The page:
HAMILTON COUNTY, Tennessee (WDEF) – The Tennessee Department of Education has identified Hamilton County schools to disproportionately discipline African American disabled students.
They are one of 25 state school districts identified from data from the last three school years.
Several school systems have appealed.
After the appeal process, two cases were not found to be disproportionately large.
Hamilton County has not appealed.
Hamilton County School officials said they were striving to improve with more training and partnerships.
They are also working on redesigning the code of conduct for the entire district.
Equity Officer Marsha Drake said current figures for the first half of this year show that the suspension rates of African-American disabled students are dropping.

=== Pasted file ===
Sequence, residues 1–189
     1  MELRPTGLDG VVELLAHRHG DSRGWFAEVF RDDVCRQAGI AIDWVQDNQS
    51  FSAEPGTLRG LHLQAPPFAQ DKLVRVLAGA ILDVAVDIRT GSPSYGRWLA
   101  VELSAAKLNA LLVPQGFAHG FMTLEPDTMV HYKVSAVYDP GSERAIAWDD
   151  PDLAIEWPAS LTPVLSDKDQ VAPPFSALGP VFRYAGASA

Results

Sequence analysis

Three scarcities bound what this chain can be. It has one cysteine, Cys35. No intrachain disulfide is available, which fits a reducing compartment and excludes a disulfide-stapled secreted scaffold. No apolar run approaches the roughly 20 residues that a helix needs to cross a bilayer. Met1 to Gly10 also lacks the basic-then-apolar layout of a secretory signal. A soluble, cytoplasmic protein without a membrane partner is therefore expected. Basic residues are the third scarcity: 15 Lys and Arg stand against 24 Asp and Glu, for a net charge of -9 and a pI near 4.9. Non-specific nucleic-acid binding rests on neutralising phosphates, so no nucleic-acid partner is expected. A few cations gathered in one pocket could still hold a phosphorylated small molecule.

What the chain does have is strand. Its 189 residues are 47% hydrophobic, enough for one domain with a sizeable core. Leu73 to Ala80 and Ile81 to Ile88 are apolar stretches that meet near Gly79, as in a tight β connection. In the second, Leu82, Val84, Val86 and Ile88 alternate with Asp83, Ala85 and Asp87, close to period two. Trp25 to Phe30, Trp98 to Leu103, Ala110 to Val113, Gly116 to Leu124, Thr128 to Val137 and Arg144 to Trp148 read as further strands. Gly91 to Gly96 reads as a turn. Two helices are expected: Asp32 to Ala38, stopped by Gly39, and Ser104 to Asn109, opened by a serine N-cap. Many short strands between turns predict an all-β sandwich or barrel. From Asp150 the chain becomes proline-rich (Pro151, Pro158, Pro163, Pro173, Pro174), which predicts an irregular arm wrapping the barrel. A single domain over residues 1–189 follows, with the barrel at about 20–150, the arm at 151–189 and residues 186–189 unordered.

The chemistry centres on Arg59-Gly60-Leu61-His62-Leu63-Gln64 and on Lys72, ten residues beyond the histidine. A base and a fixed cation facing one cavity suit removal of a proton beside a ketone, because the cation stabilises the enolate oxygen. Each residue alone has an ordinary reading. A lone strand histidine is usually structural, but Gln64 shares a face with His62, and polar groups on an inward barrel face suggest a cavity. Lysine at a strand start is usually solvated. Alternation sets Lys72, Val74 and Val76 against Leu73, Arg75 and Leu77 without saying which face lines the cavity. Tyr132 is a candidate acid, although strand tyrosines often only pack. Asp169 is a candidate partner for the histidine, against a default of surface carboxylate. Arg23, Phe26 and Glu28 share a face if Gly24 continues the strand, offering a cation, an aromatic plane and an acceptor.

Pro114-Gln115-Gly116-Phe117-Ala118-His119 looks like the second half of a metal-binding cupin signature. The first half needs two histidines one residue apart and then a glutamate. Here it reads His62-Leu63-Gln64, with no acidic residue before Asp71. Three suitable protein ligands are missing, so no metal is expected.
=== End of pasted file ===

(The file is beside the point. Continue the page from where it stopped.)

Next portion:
"I attribute this to all the work we've done in focusing on positive school-wide behavior," Drake said. "A plethora of PD (professional development) that we have provided to our teachers and other school staff that we have and I have benefited us."
"Professional development is the key. Dr. Johnson has really invested in professional development this year. Dr. Drake has done a remarkable job in bringing together prosecutors and various stakeholders from different departments and simply giving this general professional development. We plan to reach 40% of our staff this summer, that is to say, a large number of staff to develop, but this is our goal for this summer and at the end of the school year, we hope reach 100%, "said Garfield Adams, director of Exceptional Education.
The state is required to review these data because of the 2004 law on the education of persons with disabilities.
Federal law requires identified districts to reallocate 15% of their IDEA funds to solve problems.